Tips for Keeping Yourself Safe

Stay Informed

Do your best to stay up to date on common scam tactics, and learn to recognize red flags. When you understand what criminals are trying to do, it is easier to make a thoughtful choice or decision. Criminals will try to rush and panic you. If you aren't sure if something is legitimate, don't be afraid to reach out and ask for help. 

Be ready to say no

Take some time to think before sending money to someone you don't know. It is okay to end a conversation immediately or reject/refuse/ ignore requests to send money, sensitive information or personal data. It’s essential to say “no”, end the call/contact and to go and get advice from International Student Office or Leeds University Union first.

Verify the source 

While the person contacting you may sound convincing, you should always take time to verify the source. Do your research and double check phone numbers and email addresses. Sometimes the emails address you originally see will be in official government formatting, but when you click it, it creates and email that will be sent to a different address.

Always verify the actual address on the email you are sending. If you are unsure about a phone number, hang up and check the official government or business website for the correct phone number. You can always call the official number back to let them know you were previously speaking with someone. 

Protecting Yourself

The best way to protect yourself is by not giving out any of your personal information. If scammers already have some of your personal information make sure you do not confirm anything. If you are suspicious do not pay anyone any money. 

Call for Help

If you aren’t sure about something, don’t be afraid to ask for help. Whether you think you have seen a scam, are currently being scammed or have experienced fraud, there is support available.

Accessing Support

The Harassment and Misconduct team are the recommended first point of contact for any student who has been impacted by frauds or scam, as well as any form of violence, abuse, bullying, harassment or discrimination. You don’t have to make a report to access their services. With your consent the team of specialist advisors can help you with:   

  • Offering confidential advice and info to help you decide what’s right for you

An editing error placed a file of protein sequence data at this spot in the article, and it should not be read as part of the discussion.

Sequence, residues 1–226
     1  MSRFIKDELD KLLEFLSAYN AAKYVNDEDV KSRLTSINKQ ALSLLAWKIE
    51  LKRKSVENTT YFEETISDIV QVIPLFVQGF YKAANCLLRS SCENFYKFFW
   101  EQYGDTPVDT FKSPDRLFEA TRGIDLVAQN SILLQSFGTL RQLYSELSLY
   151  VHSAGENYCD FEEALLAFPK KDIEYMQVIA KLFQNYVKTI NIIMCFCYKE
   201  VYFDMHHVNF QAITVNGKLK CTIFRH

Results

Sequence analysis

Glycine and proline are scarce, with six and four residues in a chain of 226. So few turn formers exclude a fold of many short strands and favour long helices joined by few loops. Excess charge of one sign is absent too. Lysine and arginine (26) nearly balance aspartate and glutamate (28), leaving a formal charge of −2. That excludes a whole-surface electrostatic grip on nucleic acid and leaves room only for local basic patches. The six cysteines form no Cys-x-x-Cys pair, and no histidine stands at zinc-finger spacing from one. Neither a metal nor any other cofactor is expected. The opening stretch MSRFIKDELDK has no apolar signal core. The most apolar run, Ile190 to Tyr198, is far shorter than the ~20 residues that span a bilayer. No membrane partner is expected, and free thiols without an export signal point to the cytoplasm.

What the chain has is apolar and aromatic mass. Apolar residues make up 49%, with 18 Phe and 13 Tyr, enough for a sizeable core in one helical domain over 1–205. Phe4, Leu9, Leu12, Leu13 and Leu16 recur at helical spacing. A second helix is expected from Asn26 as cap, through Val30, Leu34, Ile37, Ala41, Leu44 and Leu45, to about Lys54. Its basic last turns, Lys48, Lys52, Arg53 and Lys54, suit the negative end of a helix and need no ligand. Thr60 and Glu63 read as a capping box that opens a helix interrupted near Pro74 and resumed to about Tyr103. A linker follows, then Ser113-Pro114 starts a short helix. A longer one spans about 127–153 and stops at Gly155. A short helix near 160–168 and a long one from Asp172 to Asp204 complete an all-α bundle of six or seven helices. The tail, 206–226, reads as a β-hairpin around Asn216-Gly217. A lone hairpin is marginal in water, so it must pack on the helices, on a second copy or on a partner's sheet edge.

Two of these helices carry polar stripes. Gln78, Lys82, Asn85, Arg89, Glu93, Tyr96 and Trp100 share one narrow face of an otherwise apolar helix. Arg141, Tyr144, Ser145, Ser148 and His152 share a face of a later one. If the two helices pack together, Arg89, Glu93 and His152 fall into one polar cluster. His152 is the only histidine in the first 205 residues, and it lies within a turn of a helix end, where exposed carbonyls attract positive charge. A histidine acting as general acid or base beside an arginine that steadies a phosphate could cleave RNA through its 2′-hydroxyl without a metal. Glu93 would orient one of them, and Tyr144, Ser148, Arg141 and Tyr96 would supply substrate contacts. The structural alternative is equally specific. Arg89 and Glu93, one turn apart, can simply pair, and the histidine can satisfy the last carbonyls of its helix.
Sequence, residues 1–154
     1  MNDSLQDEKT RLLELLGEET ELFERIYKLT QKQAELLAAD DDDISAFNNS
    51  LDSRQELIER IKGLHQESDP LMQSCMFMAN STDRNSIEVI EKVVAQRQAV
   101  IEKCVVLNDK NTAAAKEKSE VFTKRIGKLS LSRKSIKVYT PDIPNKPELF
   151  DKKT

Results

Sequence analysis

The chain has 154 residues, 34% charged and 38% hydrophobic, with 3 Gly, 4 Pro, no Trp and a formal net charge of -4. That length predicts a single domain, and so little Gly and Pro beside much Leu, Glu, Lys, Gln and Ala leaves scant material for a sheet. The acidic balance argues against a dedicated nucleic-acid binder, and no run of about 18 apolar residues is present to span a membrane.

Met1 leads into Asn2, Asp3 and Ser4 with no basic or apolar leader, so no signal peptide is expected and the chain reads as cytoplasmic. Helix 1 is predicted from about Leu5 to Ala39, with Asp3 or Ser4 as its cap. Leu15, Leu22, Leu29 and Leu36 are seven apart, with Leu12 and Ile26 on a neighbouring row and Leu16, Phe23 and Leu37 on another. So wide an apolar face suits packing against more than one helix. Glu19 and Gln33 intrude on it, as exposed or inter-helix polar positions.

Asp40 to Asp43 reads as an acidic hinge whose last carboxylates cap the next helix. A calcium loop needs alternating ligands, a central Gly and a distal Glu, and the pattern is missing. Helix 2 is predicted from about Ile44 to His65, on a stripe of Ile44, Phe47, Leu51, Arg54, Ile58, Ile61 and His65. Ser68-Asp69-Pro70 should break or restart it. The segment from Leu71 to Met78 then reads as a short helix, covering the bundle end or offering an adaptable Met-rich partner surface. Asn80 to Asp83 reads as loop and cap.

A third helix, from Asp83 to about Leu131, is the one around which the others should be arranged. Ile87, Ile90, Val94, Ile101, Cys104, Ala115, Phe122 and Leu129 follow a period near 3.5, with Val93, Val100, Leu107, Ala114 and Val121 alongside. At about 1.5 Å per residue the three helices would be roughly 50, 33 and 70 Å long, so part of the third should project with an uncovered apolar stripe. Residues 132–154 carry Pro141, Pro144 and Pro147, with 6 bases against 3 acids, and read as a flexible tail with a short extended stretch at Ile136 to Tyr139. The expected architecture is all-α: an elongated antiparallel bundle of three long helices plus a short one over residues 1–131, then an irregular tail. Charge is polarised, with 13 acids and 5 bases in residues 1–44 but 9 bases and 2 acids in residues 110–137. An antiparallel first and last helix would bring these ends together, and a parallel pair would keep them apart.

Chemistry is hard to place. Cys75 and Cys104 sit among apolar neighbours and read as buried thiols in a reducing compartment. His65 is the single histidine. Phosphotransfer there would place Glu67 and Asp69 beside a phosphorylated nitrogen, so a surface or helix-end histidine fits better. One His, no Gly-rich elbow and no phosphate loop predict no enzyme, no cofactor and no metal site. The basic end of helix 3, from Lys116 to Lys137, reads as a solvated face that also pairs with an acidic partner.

• Navigating academic accommodations or living concerns 
  • Being referred to counselling, medical and legal services 
  • Accessing self-care support 
  • Providing info and educational information 
  • Being there to listen
  • Making a formal complaint or report, on-campus or off 

The best way to get in touch with the Harassment and Misconduct team is to complete the disclosure form. A specialist advisor will contact you within one working day. Alternatively, you can email them at Want to know more about the team? Meet our specialist advisors in the Harassment and Misconduct team.

Leeds University Union (LUU) Advice team
: Independent of the university, an advisor can talk through your options and support you through whatever decision you make. They can help with practical issues such as any impact on your studies, accommodation or finances.

Student Visa Advice


More information about frauds and scams targeting international students can be found at UKVI Advice on frauds, tricks and scams and atUK Council for International Student Affairs Advice on frauds and scams

Reporting Suspicious Activity

Speak to Action Fraud: you can report fraud or cybercrime to Action Fraud any time of the day or night using their online reporting tool. Reporting online is quick and easy. The tool will guide you through simple questions to identify what has happened and our advisors are available twenty four hours to give you help and advice if you need it.

Report to the Police: You can contact the Police directly by phoning 101 or doing an online chat with the 101 service (this can be quicker to get through) - You can also speak to our University Police Higher Education Liaison Officer, PC Vanessa Jardine. You can contact her on: 07719 417879 (8am – 4pm, Mon – Fri).

If you don't feel comfortable sharing your contact information, but you would still like someone to know you have experienced fraud or a scam, you can complete the anonymous disclosure form on Report + Support.

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SarahDjuric Hi everybody, I work as the Residence Life Manager. I work with your wardens, RLAs and the central team. When I'm not in the office you can find me outdoors hiking!